Getting everybody on stage

Getting everybody on stage

Getting everybody on stage

The first-floor corridor of Little Angels Modern High School in Bengaluru's Sadananda Nagar may not seem like an ideal location for a flash mob. Nonetheless, just as the teachers and trainers wrap up lunch, Divya, Ramya, Sushmita and Prem take positions. What follows is a foot-tapping rap number about a panda who likes bonda!

Somewhere in a corner, Anita Mithra can't stop smiling. As part of TFAI's  (Teaching For Artistic Innovation) pilot programme - an initiative by Sublime - to equip full-time arts teachers with an intensive curriculum in theatre, dance, music, and visual arts, Anita is gung-ho about the prospects. "To bring about a change in the education system, we have to start with the teachers. We help them explore different methods of teaching and facilitation techniques in the classroom. How can we engage children and get them interested in subjects like math and science? How can lessons be taught through storytelling technique? Our end result is not a stage production, but learning through play," says the veteran theatre actor and trainer.

Paving new paths

Anita's earliest theatre memory is of her four-year-old self dressed as Red Riding Hood for a costume competition. Amidst the many elocutions, debates and theatre activities at school, what fascinated little Anita was the "smell of the stage." Later, even as she jumped jobs across marketing, sales, advertising and journalism, her passion for plays ensured that there was always time to work with stalwarts and mentors like Mahesh Dattani, Prakash Belawadi, Arundhati and Jagdish Raja.

The recession in 2009 turned out to be a blessing in disguise. Having quit her corporate job, Anita was planning to move abroad. However, that didn't pan out and she started devoting more time to theatre. "I wasn't really thinking about a career in theatre. It was just an opportunity to do something I love till things worked out," she confides.

Things did work out, albeit in a beautiful, unexpected sort of way. The actor expanded her horizons to become an entrepreneur (The Tortilla Entertainment Company) and organiser of popular theatre festivals like Short+Sweet Festival (featuring ten-minute plays), BOAT (short play festival for 14 to 19-year-old performers) and Zip Zap Pow (all women's one-minute theatre festival).

The idea was, basically, to reach out to more people. Busy folks with shorter attention spans and reservations about booking tickets for a conventional play. "If they can't come to Ranga Shankara (one of Bengaluru's renowned theatres), we'll come to BFlat (a popular pub and restaurant in the city)," was Anita's mould-breaking rationale.

Inside out

"To be an actor, you need to know yourself well. Only then can you portray other characters," believes the thespian. So, 'who am I?' is at the crux of all her theatre workshops. "I have been doing so much on the entertainment side that I wanted to explore other dimensions. That's how I got into corporate training," she says.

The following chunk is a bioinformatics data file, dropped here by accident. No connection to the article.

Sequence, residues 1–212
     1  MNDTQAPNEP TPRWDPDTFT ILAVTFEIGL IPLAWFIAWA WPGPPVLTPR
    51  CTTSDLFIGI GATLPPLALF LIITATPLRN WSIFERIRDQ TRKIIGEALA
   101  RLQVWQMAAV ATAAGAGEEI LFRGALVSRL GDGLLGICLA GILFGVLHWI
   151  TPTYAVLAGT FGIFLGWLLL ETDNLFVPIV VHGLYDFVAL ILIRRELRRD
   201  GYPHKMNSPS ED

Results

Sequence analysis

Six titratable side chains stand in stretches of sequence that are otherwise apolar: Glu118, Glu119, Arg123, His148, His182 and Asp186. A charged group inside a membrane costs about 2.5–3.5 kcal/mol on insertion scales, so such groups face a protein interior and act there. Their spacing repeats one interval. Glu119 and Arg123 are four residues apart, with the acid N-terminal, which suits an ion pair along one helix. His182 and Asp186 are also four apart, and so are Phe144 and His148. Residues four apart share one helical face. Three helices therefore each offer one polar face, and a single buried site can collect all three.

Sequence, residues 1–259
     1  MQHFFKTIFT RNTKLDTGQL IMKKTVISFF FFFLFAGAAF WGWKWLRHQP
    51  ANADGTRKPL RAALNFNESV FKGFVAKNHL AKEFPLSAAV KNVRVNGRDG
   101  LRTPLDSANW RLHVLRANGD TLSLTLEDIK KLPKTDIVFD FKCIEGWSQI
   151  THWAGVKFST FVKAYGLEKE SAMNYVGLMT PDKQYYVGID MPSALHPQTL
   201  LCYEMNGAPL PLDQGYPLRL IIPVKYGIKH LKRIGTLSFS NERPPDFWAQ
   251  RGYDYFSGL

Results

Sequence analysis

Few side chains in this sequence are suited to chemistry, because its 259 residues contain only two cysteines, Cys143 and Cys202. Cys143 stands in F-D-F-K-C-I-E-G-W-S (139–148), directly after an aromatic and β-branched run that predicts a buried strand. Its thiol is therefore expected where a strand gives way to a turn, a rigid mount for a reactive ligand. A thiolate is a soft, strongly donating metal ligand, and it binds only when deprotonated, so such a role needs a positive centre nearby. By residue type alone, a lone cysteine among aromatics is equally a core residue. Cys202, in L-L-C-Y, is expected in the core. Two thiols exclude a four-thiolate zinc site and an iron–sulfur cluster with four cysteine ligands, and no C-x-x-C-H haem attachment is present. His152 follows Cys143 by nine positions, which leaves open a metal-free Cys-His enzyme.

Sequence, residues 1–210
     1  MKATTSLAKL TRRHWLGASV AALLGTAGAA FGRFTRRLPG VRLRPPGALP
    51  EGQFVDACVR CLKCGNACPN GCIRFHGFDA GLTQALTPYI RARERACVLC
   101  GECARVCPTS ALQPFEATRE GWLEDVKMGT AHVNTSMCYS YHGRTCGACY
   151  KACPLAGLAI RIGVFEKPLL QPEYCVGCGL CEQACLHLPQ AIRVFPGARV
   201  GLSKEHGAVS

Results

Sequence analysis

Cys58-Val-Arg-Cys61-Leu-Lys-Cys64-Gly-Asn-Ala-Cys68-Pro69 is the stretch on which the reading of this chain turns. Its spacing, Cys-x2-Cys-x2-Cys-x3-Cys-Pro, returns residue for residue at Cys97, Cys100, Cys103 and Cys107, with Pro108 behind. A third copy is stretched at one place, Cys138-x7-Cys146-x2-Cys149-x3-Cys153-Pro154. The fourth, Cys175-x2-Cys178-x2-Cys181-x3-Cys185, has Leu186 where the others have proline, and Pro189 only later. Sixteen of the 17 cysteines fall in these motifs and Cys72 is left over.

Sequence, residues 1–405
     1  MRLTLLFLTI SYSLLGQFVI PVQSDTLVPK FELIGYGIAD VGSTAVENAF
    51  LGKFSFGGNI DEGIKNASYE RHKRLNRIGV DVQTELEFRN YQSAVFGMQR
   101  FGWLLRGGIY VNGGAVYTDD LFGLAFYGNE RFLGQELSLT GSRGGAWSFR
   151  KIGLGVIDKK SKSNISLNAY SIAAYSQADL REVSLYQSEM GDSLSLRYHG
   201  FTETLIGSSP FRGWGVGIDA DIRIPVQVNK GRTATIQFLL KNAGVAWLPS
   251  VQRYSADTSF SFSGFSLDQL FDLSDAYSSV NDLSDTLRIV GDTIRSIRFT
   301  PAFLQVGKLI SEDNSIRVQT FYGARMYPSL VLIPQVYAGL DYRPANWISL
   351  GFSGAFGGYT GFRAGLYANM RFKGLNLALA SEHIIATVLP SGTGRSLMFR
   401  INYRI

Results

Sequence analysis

The idea, Anita insists, is not to make everyone an actor, but to use theatre as a transformative tool for holistic personality development. "Applied theatre can be used for self-improvement as well as a therapeutic tool. It helps real-time tweaking of personality," expounds the artiste, enchanted by the "processes" and "craft" involved in theatre.

It's not surprising that many IT folks in Bengaluru are turning to the stage for solace. "They are looking for a creative outlet and like-minded companionships. But, unlike children, who come with a clean slate, adults have so much to unlearn…we have forgotten to have fun!" rues Anita. Her biggest challenge, working with adults, is to get them to switch off from the outside world and actually engage, instead of merely mouthing their lines.

Psychodrama - bringing together the potent forces of theatre and psychology - could be the game changer, predicts the trainer. The key is to get "non-flaky people" who understand that theatre may lack the thrills and spills of the movies, yet can offer so much more.

Chatting in a nondescript room of a little-known school, we discuss how the 'h' in her surname makes her a Kannadiga and not a Bengali; how she was pleasantly surprised with the encouraging response for a monologue marathon recently; how she is keen to do a theatre class for young children and their mothers, especially now that she has a charming house in Koramangala - with drumstick trees, mango trees, a beautiful terrace, et al - as her workspace. Curiously, even after all these years, Anita hasn't directed a play. "I don't know enough to be a director. I'm very audience-centric. People have to get their money's worth," she retorts. However, there are certain things she knows only too well. For instance, how to keep her actors happy. "The first thing they all look for is food," she quips.

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